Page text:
Poetry Analysis: Sylvia Plath’s “The Rival”

sylvia & ted
Sylvia Plath & her husband, Ted Hughes

 

THE RIVAL

By Sylvia Plath

If the moon smiled, she would resemble you.

You leave the same impression

Of something beautiful, but annihilating.

Both of you are great light borrowers.

Her O-mouth grieves at the world; yours is unaffected,

And your first gift is making stone out of everything.

I wake to a mausoleum; you are here,

Ticking your fingers on the marble table, looking for cigarettes,

Spiteful as a woman, but not so nervous,

And dying to say something unanswerable.

The moon, too, abuses her subjects,

But in the daytime she is ridiculous.

Your dissatisfactions, on the other hand,

Arrive through the mailslot with loving regularity,

White and blank, expansive as carbon monoxide.

No day is safe from news of you,

Walking about in Africa maybe, but thinking of me.

In her near flawless poem “The Rival,” Sylvia Plath maps the geography of her own resentment toward her husband’s mistress, Assia Weevil. The poem’s title suggests one who is engaged in competition against another for the same objective or for superiority in the same field. Though many have attributed the status of the rival in this poem to Plath’s mother, Aurelia Plath, and even her husband, Ted Hughes, the poem’s title clearly refers to Assia Weevil. Considering the denotations of the word “rival,” it’s logical to say these women were competitors vying for the same thing: the handsome, charming Ted Hughes.

The first line introduces a metaphor for her husband’s mistress that Plath will sustain over the course of the poem:

If the moon smiled, she would resemble you.

You leave the same impression

Of something beautiful but annihilating

Both of you are great light borrowers.

Her O-mouth grieves at the world; yours is unaffected” (Plath 1-5).

By comparing Assia to the moon-a traditional symbol for cold detachment and primitive femininity-Plath depicts her antagonist as cruel and stony-hearted.  Ironically, Assia’s “beauty” is described as “annihilating,” which suggests a woman’s allure can pose danger. Like the moon which shines beautiful and white in the sky but unleashes the evil and depravity associated with night, Assia’s beauty wins her the adoration of Hughes but destroys his wife. Plath only makes one significant distinction between her enemy and the moon: while the moon “grieves at the world,” Assia appears “unaffected” (Plath 5). The fact that the moon-an inanimate object-demonstrates a warm sympathy for humanity underscores Assia’s heartlessness. In the same way that she feels indifferent toward the suffering of the world, she cares little, Plath would argue, about the devastation and heartache her affair with Ted has caused.

Assia-Wevill
Assia Wevill

Plath elaborates on this depiction in the next line when she makes an implicit comparison between Assia and Medusa:

And your first gift is making stone out of everything” (Plath 6).

Like Assia, Medusa’s beauty wins her the affections of many but eventually leads to her downfall. Originally a fair, golden-haired maiden, as a priestess of Athena, Medusa was sworn to a life of celibacy. When she broke her oath and fell in love with Poseidon, Athena punished her by transforming her into a terrifying, snake-headed monster. From then on, anyone who had the misfortune of staring into her eyes would be reduced to stone.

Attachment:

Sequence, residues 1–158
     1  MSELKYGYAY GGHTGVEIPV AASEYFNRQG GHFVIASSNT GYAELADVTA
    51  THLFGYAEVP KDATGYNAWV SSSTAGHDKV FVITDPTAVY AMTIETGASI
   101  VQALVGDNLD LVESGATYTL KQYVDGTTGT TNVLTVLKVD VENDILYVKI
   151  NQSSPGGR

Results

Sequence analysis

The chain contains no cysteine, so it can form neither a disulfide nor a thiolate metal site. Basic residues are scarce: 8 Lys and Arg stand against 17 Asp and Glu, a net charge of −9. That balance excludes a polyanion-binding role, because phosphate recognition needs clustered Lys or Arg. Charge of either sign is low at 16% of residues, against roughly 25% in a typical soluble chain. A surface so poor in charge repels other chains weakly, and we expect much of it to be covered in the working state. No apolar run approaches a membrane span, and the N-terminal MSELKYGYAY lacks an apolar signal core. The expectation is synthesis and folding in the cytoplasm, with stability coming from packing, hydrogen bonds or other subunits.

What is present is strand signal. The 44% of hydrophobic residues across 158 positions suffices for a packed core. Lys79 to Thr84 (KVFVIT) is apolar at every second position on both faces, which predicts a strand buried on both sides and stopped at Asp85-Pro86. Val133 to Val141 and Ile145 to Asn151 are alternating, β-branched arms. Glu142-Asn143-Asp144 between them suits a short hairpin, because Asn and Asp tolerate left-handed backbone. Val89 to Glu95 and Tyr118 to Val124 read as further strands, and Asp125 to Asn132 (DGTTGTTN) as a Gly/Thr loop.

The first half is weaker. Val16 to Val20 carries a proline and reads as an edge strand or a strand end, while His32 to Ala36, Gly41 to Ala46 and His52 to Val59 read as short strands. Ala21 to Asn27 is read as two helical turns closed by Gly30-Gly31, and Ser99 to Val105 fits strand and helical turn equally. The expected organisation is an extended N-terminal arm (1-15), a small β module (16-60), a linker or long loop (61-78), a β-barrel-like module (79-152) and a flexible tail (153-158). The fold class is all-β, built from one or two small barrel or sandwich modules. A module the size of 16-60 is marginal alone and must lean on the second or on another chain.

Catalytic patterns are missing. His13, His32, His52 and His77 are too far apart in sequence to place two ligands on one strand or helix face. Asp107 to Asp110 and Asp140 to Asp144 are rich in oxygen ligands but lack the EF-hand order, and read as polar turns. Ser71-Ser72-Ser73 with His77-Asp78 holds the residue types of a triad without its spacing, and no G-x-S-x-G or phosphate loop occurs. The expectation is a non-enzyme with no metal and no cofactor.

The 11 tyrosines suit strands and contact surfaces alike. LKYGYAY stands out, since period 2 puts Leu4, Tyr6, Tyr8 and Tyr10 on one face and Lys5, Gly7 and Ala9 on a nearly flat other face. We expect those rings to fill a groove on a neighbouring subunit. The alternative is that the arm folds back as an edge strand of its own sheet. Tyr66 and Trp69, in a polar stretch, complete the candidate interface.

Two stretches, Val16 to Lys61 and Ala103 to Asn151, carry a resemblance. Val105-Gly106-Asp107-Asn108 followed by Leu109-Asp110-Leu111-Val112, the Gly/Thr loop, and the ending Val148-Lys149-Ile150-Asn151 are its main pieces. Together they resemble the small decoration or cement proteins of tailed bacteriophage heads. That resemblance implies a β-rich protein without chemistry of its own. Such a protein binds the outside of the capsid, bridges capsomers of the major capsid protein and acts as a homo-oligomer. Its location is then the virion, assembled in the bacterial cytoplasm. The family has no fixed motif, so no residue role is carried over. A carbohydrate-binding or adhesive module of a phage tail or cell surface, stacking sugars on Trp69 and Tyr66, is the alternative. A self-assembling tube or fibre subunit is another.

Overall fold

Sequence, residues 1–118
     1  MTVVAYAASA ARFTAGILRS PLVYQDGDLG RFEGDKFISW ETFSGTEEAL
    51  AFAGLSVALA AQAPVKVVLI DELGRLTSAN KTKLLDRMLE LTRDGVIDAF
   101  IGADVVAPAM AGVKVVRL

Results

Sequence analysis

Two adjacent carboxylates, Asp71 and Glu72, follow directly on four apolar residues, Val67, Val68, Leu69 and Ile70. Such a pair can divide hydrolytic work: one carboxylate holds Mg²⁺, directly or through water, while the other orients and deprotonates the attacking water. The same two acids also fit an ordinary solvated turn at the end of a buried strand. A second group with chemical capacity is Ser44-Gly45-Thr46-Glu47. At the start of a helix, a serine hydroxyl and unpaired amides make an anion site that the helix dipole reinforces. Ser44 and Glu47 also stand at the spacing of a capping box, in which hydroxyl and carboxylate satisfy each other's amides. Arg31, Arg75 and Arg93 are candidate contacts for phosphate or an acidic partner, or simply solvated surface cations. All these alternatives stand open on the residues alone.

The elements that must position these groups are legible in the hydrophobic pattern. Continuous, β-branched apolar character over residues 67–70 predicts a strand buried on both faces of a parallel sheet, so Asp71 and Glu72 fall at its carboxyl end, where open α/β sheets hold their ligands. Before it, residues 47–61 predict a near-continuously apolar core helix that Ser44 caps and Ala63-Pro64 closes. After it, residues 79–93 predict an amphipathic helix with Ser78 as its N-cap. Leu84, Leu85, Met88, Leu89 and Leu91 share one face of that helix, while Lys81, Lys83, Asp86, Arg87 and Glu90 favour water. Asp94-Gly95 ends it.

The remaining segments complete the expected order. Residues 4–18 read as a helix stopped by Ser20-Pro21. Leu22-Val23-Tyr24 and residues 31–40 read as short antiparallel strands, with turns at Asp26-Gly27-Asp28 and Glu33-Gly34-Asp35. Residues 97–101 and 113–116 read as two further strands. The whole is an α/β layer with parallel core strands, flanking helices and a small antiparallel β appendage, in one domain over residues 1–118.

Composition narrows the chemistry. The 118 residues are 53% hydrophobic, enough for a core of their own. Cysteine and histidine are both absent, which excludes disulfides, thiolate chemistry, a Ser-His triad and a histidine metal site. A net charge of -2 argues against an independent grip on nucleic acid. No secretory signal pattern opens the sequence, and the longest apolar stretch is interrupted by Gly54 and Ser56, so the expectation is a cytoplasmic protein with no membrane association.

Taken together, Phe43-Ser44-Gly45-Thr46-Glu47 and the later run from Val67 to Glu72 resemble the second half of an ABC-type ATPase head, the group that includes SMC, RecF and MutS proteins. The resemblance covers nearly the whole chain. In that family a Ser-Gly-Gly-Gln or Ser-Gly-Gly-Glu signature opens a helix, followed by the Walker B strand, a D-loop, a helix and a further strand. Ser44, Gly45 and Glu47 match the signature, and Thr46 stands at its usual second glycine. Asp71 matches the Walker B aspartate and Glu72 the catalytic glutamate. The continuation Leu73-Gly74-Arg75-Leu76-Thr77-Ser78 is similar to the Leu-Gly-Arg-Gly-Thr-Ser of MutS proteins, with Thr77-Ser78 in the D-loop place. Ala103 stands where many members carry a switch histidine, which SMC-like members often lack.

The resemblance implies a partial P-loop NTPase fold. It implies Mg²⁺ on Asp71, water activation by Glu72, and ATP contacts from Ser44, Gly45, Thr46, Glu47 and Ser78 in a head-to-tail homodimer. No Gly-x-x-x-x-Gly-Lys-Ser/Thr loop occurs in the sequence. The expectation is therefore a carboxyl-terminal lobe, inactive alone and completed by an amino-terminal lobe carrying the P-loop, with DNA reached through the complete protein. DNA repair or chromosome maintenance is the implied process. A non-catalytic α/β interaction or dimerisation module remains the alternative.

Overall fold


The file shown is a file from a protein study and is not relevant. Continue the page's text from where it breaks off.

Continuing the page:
The parallels between Assia and Medusa are endless: both are fair and attractive, both violate a sacred oath (for Medusa, the promise to remain celibate; for Assia, the bonds of another couple’s marriage) and both see their beauty transform them into a kind of monster. By comparing her rival to something as hideous and appalling as Medusa, Plath implies her husband’s infidelity is despicable. What’s even more heart-breaking than the discovery of his betrayal is the fact that his mistress has no remorse. Like Medusa, like the moon, she is merciless, unfeeling as stone.

Many say the most hurtful thing about infidelity is not the cheating itself, but the lies and deceit that accompany such a violation of trust. This is certainly true in the case of Hughes and Plath. In the third stanza, Plath explains how she realizes Assia and her husband are having an affair when she intercepts their letters:

Your dissatisfactions, on the other hand,

Arrive through the mailslot with loving regularity,

White and blank, expansive as carbon monoxide” (Plath 13-15).

Here, the phrase “loving regularity” stings with bitter irony. For Plath, their correspondence-a symbol of their budding romance -is not “loving” but rather a kind of poison, as deadly as carbon monoxide. The fact that their affair is described as “white” and “blank” suggests that-like the colorless, odorless gas-their relationship is present but difficult to spot. After all, a husband never cheats at home. He stays at work late. He checks into a hotel. Cheating involves a large dose of deception.

What’s agonizing for the betrayed is not so much the cheating itself (which, yes, is horribly, unimaginably painful) but the constant lying such cheating entails. This subtle sense that her husband is cheating torments Plath, who accurately suspects he is having an affair but has no concrete evidence save a few of their letters. A sultry woman caller who rings during dinner. A few lingering, too flirtatious looks.  An unrelenting stream of letters. This is all Plath can see of their affair. By comparing these hints of infidelity to carbon monoxide, Plath indicates her suspicions are like a gas-they diffuse and spread but are insubstantial; she can’t see them or smell them but they consume her.

 

 

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